Etihad Amex, Citi, SPG None, many partners 10% of adult fare plus international taxes and fees
Hawaiian Airlines Amex, SPG None, many partners 10% of adult fare plus international taxes/fees
Iberia Amex, Chase, SPG Oneworld 10% of adult fare plus international taxes/fees
Japan Airlines SPG Oneworld, many other partners 10% of adult fare plus international taxes and fees
JetBlue Amex, Citi None, several partners Just taxes, usually around $12
Korean Air Chase, SPG SkyTeam 10% of adult award plus taxes/fees
Miles & More (Lufthansa) SPG Star Alliance Just taxes and fuel surcharges
Singapore Airlines Amex, Chase, Citi, SPG Star Alliance, many other partners 10% of adult fare plus taxes/fees
Southwest Airlines Chase None Taxes and fees on international legs
United Airlines Chase, SPG (2:1) Star Alliance Taxes/fees only to Canada & Mexico; 10% of adult fare plus taxes/fees internationally.
Virgin Atlantic Amex, Chase, Citi, SPG None, many partners including Delta Economy: 1,000 miles per sector plus taxes/fees

Premium Economy: 2,000 miles per sector plus taxes/fees

Upper Class: 5,000 miles per sector plus taxes/fees

As the table shows, the most common case is that an airline will charge you 10% of an adult fare in the cabin you’re flying, plus taxes and fees (though there are a lot of anecdotes of airlines only charging 10% of a coach ticket even when the family is flying in a premium cabin). This doesn’t sound like much, but remember, there are also high taxes/surcharges when flying many different carriers to certain destinations, especially in Europe.

Top Programs to Consider

You’ll notice that some programs have much more generous rules than others. Here are a couple to keep in mind:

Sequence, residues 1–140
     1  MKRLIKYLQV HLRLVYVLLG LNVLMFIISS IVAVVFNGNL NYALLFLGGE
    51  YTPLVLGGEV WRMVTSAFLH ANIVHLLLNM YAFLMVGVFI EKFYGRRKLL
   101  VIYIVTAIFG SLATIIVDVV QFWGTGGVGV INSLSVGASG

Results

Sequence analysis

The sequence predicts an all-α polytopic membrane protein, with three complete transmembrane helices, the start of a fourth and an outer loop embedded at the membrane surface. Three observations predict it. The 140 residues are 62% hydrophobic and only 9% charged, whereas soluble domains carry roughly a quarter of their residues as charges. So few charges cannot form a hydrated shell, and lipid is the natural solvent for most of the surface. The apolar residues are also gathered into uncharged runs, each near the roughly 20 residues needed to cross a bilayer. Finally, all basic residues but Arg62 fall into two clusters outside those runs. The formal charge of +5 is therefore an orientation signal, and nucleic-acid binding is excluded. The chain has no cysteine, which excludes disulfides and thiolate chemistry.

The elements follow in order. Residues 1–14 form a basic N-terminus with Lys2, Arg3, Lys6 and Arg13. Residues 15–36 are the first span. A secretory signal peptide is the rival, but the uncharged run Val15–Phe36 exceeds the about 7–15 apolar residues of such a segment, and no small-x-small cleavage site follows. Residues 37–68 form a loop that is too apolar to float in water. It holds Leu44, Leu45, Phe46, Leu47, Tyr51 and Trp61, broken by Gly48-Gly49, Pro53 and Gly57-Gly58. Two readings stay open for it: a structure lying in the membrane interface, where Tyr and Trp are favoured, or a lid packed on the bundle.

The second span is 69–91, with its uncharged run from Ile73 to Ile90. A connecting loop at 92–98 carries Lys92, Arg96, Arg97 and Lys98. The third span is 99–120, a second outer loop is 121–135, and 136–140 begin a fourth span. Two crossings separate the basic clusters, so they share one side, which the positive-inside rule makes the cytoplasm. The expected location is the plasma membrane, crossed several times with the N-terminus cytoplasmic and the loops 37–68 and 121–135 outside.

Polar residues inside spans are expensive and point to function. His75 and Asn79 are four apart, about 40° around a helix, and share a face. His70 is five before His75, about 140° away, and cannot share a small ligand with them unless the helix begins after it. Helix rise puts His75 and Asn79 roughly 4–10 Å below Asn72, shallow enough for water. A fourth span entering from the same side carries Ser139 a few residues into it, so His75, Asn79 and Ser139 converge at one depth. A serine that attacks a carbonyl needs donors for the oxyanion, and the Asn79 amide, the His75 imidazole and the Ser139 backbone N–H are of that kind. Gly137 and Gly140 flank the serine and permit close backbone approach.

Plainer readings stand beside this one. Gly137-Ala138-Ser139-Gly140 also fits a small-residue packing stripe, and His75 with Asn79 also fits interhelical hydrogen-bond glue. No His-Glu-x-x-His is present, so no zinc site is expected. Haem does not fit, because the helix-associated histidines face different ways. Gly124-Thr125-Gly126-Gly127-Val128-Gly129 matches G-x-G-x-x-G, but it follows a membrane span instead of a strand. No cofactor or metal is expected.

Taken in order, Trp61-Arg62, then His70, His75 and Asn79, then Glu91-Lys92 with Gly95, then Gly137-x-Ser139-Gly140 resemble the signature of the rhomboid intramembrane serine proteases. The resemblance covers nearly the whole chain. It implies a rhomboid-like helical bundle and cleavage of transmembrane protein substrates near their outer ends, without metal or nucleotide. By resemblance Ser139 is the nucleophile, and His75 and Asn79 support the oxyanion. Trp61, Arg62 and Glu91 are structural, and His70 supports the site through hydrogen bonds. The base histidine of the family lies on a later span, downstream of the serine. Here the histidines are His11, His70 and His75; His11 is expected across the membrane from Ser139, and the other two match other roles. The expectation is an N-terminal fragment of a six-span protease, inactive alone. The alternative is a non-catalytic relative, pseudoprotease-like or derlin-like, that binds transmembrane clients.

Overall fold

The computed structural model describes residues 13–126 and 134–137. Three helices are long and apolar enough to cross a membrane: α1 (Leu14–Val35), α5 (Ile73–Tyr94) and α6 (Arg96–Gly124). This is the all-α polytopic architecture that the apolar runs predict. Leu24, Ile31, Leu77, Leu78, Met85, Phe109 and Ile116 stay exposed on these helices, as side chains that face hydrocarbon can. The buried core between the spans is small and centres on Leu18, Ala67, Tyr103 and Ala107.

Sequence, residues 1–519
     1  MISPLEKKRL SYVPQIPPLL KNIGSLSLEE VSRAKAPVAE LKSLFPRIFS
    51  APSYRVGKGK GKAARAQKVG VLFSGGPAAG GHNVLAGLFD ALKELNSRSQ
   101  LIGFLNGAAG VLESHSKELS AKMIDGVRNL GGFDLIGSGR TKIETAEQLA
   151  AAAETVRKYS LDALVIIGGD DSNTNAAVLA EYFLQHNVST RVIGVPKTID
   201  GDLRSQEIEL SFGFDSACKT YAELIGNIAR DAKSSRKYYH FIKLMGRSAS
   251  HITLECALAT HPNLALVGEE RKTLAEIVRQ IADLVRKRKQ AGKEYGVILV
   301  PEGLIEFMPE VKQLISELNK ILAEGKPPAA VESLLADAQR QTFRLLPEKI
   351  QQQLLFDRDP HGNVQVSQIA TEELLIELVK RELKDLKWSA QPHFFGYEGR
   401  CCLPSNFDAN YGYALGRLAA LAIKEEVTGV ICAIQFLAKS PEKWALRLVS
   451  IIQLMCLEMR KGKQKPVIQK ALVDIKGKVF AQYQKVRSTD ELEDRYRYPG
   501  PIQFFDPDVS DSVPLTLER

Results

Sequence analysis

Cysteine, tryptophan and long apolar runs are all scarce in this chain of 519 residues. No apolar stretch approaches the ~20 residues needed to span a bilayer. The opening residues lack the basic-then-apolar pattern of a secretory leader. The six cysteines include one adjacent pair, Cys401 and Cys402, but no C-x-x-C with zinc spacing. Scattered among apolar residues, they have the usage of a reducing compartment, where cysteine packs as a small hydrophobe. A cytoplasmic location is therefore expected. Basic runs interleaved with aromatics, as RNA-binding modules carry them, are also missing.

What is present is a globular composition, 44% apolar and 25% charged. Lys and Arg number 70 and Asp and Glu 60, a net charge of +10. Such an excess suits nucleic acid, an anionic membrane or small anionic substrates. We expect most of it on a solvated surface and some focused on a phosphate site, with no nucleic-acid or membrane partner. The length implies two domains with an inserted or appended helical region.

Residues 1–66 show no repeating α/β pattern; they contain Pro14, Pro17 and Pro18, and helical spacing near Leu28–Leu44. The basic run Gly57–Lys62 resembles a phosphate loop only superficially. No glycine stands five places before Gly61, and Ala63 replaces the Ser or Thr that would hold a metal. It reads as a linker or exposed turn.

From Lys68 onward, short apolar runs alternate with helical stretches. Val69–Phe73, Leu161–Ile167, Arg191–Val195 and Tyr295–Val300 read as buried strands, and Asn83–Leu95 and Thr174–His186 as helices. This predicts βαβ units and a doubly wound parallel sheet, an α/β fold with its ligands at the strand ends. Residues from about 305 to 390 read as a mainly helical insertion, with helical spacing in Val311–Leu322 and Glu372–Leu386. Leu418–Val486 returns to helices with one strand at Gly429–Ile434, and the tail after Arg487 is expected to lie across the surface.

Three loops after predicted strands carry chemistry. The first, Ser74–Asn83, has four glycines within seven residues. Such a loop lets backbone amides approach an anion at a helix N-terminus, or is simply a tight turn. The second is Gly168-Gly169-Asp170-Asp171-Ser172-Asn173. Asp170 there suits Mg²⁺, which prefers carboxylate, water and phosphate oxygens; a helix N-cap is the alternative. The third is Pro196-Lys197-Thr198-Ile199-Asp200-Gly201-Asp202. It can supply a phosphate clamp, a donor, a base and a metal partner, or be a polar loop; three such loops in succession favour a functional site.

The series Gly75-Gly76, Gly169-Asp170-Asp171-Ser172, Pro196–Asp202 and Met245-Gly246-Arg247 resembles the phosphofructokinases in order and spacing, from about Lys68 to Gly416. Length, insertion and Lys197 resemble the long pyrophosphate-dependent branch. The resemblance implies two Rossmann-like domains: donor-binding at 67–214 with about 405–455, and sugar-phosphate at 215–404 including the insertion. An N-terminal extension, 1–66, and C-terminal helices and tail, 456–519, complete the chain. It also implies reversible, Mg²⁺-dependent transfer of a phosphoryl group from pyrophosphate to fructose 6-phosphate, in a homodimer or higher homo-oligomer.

Those charging just taxes and fees. Several airlines fall into this category, where you’re only responsible for paying the taxes and fees normally associated with a ticket, but not the fare or award mileage. Among them are Avianca Lifemiles, JetBlue TrueBlue, Southwest Rapid Rewards and Miles & More, which is the mileage program of several airlines including Lufthansa and SWISS.

Air Canada Aeroplan. This has to be one of the best deals out there — just $50-$125 in cash or 5,000-12,500 miles depending on the cabin of travel. Those cash co-pays are dirt cheap considering premium international tickets can cost thousands of dollars, or hundreds of thousands of miles.

If you redeem miles, you’re only getting a rate of 1 cent apiece, but that could still be worth it considering that Aeroplan is a transfer partner of both American Express Membership Rewards and Starwood Preferred Guest, so it’s easy to transfer points into your account. Air Canada and Aeroplan are splitting in 2020, so rates after that are likely to change.

Asiana. This Korean carrier’s mileage program is often overlooked, but it issues co-branded credit cards in the US and boasts some amazing award ticket redemption values, including infant awards, which cost just 10% of adult awards.

British AirwaysThough we often groan about the sky-high taxes and carrier surcharges on British Airways awards to/from the UK, one area where the airline’s Avios program shines is for booking infant awards. For children under two, you pay just 10% of the miles you’d need for an adult ticket, which is a bargain.

Korean Air. Despite some booking difficulties, it’s worth looking into Korean Air’s infant awards since its SkyPass program is a transfer partner of both SPG and Chase Ultimate Rewards, and will charge just 10% of the miles needed for an adult award.

Virgin AtlanticThe UK carrier recently revised its infant award rules and now charges flat mileage rates of 1,000-5,000 miles per sector, plus taxes and fees, depending on the class of service.

The cost of a Virgin Atlantic adult award.

What’s more, you can even book infant awards online along with adult awards, and the taxes and fees are a fraction of those on adult awards.

Versus the infant award. Notice the lower taxes and fees as well.
The cost of an online infant award with Virgin Atlantic. Notice the lower taxes and fees as well.

Programs to Avoid